Posted by: elderleach | March 29, 2011

Parable of the Push Ups‏

1. Never trust the Elders to paint your home!

2. Me and my pet turtle! Ok, not really my pet but Elder Nkala and I found it while tracting. Look! It’s on a leash!

3. Some lightning photos of one of Port Elizabeth’s crasiest storms!

**Just as an explanation for those not familiar with the church, in every ward in the church there is someone called to be a ward mission leader who helps the missionaries serving in that ward relay information to the Bishop and other ward leaders. We meet with the ward mission leader every week and give him our reports on the people we are teaching. In the Kwa Magxaki Ward, there are 6 missionaries.**
Molweni, family and friends! Unjani? (How are you?) Ndiphilile, enkosi (I’m fine, thank you!) This week has been a fairly good one. I had the privilege of experiencing something this week that I decided to transform into a parable. This past Wednesday evening, Elder Nkala and I arrived at our mission correlation meeting on time, but the 4 other elders were not there yet. What I then observed was something parabolic:
“There was a certain ward mission leader who was called upon by revelation to counsel with and preside over many young missionaries. This equally-as-young ward mission leader began to notice a trend of tardiness amongst these elders and thus proclaimed, ‘We must be on time. To help enforce this rule, for every minute you are late to this meeting, that is the amount of push ups each elder will do’. Unanimously, the rambunctious group agreed.
“The following week, the ward mission leader arrived right on time; not a moment too soon or too late. But as each minute passed and wasted away, the leader counted the amount of push ups each elder would have to do. His countenance changed from a grateful smile when he first entered the room to a disappointed frown as now 13 minutes passed away from the appointed time.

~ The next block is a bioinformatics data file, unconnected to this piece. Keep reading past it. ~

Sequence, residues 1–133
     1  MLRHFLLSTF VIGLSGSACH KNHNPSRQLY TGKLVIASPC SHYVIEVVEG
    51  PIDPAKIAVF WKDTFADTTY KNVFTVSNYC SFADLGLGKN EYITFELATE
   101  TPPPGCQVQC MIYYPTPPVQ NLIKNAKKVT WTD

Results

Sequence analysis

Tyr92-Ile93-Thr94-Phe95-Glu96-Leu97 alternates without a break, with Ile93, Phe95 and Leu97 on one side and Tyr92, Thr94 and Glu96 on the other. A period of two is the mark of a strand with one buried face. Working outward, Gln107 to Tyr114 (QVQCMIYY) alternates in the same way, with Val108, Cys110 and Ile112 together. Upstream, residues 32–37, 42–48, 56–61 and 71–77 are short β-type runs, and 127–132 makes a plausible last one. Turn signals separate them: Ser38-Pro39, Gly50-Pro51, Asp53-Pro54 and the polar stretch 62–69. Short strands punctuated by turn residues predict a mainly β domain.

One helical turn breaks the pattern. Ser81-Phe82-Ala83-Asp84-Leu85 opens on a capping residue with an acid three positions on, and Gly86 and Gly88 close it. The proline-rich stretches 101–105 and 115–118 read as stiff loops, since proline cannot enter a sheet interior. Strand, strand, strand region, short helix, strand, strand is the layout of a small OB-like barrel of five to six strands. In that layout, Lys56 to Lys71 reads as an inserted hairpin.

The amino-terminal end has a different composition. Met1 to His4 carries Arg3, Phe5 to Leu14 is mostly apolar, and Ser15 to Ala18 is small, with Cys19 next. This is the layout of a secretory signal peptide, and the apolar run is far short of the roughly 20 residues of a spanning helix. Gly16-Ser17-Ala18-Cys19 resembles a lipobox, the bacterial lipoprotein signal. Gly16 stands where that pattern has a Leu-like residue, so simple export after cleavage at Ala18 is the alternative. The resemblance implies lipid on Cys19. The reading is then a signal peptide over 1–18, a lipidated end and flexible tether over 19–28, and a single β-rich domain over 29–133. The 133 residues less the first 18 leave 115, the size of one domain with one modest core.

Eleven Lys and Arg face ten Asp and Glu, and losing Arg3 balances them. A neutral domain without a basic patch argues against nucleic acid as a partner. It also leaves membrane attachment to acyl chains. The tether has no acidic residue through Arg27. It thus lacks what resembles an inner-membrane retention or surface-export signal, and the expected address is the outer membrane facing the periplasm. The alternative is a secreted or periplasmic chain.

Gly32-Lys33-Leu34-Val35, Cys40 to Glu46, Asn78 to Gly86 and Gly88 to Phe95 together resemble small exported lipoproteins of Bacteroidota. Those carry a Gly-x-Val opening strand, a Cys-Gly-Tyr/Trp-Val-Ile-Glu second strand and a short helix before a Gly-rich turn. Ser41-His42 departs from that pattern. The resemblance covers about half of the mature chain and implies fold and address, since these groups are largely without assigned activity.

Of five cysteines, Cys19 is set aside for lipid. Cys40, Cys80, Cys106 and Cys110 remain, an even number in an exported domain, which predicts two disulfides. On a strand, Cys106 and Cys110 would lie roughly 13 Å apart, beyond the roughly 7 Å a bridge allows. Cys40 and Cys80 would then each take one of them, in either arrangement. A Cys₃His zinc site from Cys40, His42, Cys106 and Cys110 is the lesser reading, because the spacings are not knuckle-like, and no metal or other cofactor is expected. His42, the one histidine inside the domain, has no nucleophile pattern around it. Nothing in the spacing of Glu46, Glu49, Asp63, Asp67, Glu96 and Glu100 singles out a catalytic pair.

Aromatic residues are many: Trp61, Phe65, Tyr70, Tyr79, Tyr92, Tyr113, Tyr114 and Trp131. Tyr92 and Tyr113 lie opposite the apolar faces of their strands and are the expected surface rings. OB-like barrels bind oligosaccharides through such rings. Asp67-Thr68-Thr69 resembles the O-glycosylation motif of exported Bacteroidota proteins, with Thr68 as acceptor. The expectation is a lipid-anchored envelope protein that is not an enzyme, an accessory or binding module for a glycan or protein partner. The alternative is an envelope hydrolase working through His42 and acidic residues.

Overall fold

“Finally, the elders arrived, rushing into the room with great speed, accompanied by a series of apologies and excuses for such tardiness. The pitiful words did little in the end for their cause, as justice had to be served. ‘You know what you must do now,’ the mission leader firmly asserted. The first elder stopped what he was doing and immediately took position. With humble regard for his authority, he preformed 13 push ups as consequence for his tardiness. He modestly finished his duties and took a seat.
“The second elder dribbled small complaints and made known his negative feelings concerning push ups. After seeing the first elder and realizing the impossible could very well be possible, he trotted over to the back of the room and preformed his push ups.
“The third elder desperately pleaded for mercy, proclaiming he was unfit for such strenuous activities. Through much persuasion, he was convinced mercy could not rob justice and, reluctantly, proceeded to do a few small push ups.
“The fourth elder vehemently protested the idea of any push ups and insisted on a waiver. When denied, he yet retorted, as unqualified as he was, and continued in defiance, with utter disregard for the ticking clock. After much struggle and stubbornness, he took his position on the floor and proceeded to preform push ups on his knees. When called out on his incorrect and unfair posture, he exclaimed that such technicalities were not outlined when the agreement was made the week previous. He begrudgingly finished a few push ups and hastily took a seat.
“In disappointment, yet genuine concern for his band of elders, the ward mission leader said, ‘Brethren, at this moment you look worse than I feel’ and proceeded with the meeting, notably less spiritual, less enthusiastic and less inspired than all other meetings previous.”
From this experience, I learned there are 4 types of missionaries (or people): 1) Those who do what they’re told, no questions asked (1 Nephi 3:7), 2) Those who need direct leadership to build their confidence and ability, even if initially the task seemed impossible (Alma 14: 12+13), 3) Those who complain and doubt until finally persuaded to honor their duty (1 Nephi 3:21) and 4) Those who harden themselves against the truth and never reap the full blessings of this service (1 Nephi 8:36+37)
Now, this isn’t to say if someone is a 4, they will remain that way forever! 4’s can become 1’s and if 1’s are not careful, they too can become 4’s.
Our Heavenly Father sent us to Earth with a work to do. We do not call the consequences, we must only obey and do what we are told with the consequences in mind. Who knew that missionary correlation could have such a profound effect on me! And who knew it could have such a deep meaning to life.

Well, that’s all folks! Have a great day,

Elder Matthew G. Leach
South Africa Cape Town Mission


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